Introduction: Stepped Gooseneck Splice (Koshikake Kamatsugi)

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Here's another Japanese architectural joint for you to try.

The Stepped Gooseneck Splice is used in groundsills to join sections.

The video might help you assimilate the written instructions better.

Step 1: Initial Preperation & Start Marking Out the Male Part

Square the sections to be joined

Mark the length of the joint to be about 1½ times the section width

Mark in the 'neck' width, and gauge it to the end

Measure for dovetail shoulders at the halfway point

Mark in the shoulders, and join up the head of the gooseneck

Mark the waste material

(Use the proportions in the photo's to size the joint to your work)

Step 2: Marking Out the Male Part Continued

Square in the verticals

Add a step half way down the sides

Mark all the waste areas

Knife in all the lines to cut

Step 3: Cutting the Male Part

Saw the lower half away, below the dovetail head (I've left the step portion remaining for the time being, but you don't need to)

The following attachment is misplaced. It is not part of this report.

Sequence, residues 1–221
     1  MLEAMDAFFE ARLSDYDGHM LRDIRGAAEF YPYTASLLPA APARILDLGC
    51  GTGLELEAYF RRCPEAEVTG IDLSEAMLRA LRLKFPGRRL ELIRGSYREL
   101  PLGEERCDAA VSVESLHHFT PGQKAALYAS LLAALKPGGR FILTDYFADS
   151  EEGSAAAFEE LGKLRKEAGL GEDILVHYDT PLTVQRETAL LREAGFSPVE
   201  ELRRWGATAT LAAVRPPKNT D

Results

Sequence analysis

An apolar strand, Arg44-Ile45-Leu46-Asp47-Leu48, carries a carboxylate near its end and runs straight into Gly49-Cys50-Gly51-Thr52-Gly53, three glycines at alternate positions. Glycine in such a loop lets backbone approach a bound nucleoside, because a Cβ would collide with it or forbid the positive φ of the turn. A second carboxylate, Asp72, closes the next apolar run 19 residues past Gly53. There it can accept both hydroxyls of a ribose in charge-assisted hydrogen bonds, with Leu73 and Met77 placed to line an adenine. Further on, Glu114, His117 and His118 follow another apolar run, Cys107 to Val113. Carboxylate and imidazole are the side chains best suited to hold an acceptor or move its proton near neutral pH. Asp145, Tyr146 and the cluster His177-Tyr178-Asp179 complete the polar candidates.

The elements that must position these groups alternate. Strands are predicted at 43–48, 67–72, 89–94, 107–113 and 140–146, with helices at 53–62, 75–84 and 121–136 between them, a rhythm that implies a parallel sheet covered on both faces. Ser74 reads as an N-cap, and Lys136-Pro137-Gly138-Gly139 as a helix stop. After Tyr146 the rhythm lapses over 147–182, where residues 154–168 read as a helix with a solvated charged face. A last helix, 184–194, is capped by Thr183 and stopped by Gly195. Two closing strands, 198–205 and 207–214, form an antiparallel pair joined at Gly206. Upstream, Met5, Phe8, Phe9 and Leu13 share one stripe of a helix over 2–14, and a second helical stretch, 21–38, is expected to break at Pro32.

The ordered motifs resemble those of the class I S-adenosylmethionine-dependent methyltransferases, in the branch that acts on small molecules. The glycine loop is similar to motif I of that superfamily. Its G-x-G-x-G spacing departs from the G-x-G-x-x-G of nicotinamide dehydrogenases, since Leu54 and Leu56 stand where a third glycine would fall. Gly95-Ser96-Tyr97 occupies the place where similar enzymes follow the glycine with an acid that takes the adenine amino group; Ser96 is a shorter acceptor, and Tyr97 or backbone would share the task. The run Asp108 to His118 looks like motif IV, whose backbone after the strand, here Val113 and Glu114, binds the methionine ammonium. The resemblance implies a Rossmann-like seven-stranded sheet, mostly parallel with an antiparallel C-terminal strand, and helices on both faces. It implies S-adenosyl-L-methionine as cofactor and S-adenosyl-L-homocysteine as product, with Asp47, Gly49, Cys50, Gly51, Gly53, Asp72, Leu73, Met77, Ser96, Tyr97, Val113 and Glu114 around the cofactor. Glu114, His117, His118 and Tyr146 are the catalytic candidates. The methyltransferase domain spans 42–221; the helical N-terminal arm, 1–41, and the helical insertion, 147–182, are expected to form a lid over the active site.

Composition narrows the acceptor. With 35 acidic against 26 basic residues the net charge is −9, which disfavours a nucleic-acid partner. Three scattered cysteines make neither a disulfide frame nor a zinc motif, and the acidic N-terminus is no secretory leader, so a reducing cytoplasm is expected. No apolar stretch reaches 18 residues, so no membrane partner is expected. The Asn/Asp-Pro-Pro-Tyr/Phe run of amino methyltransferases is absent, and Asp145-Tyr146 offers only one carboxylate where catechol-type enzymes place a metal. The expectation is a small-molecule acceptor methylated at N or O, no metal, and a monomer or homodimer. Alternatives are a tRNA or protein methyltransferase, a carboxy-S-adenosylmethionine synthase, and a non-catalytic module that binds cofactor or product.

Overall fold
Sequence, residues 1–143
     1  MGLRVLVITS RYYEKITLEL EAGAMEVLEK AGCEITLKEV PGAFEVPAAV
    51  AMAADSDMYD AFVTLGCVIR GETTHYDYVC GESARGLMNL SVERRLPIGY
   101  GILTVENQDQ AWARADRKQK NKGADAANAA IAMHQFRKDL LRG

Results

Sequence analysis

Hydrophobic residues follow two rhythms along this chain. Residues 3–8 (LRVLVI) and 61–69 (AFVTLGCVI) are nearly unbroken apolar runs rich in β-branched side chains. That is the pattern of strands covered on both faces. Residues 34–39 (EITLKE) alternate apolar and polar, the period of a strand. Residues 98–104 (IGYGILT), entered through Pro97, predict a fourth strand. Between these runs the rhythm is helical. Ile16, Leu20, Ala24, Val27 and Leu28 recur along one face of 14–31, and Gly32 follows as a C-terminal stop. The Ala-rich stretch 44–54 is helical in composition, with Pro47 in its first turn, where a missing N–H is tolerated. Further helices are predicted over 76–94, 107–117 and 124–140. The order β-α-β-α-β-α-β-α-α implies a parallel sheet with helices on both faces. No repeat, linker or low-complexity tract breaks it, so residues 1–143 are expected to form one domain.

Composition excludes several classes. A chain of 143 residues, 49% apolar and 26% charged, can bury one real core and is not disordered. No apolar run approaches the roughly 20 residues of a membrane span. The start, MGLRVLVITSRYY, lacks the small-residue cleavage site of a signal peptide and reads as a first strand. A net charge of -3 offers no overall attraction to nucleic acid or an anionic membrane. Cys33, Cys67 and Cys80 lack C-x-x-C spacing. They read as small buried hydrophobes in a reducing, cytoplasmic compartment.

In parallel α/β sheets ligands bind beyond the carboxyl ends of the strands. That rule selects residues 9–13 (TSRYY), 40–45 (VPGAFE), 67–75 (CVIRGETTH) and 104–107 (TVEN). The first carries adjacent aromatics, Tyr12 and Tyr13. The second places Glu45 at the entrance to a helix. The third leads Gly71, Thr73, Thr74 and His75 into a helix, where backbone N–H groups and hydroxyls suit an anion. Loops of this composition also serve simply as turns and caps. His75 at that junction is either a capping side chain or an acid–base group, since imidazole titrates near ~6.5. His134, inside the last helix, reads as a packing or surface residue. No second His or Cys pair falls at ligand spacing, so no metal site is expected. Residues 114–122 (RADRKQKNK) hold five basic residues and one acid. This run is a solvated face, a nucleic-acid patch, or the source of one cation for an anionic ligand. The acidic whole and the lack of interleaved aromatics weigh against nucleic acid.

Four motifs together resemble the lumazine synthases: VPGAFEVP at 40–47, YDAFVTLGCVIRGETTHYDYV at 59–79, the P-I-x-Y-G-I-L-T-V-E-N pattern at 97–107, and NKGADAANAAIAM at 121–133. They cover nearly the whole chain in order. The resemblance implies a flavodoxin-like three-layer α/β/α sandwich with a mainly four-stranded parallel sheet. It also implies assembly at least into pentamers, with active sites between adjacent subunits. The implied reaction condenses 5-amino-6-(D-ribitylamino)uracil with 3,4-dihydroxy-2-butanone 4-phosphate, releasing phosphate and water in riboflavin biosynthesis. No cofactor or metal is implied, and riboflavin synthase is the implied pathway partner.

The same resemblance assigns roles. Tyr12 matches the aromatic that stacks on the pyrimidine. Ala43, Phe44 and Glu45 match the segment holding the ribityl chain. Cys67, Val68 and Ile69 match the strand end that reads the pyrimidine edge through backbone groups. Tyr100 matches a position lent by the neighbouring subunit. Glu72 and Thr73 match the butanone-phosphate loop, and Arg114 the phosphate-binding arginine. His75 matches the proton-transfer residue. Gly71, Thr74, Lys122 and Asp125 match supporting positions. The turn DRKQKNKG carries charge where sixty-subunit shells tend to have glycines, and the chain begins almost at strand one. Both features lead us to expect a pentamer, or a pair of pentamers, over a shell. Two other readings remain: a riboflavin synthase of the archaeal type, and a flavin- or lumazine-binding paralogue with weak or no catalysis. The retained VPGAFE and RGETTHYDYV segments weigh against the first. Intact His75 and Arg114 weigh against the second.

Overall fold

Saw down the sloped sides of the dovetail head, and continue to the main joint shoulder line, before sawing the waste away to the shoulder line

Saw the shoulders of the dovetail head, and then pare away the waste to reveal the straight neck

The final photo shows me removing the step portion

Step 4: Layout of the Female Part

Place the male part in position above the other section, and mark around it.

Knifing the outline should improve accuracy

Mark in the waste, then transfer the step down to the halfway point, gauging round a line

Step 5: Cutting the Female Part

Saw down the neck lines, until the blade reaches the edges of the marked in waste

Now use chisels to chop and pare away the gooseneck socket

Finally saw off the step section

Step 6: Finishing Up

Test the fit - don't force it, since you will find it impossible to remove, if it jams, without damaging it

Make any adjustments for a good fit

In a groundsill application, gravity, together with the structure built upon it, should hold the parts together

In other applications, apply glue to the socket before assembly

That's all there is to it!

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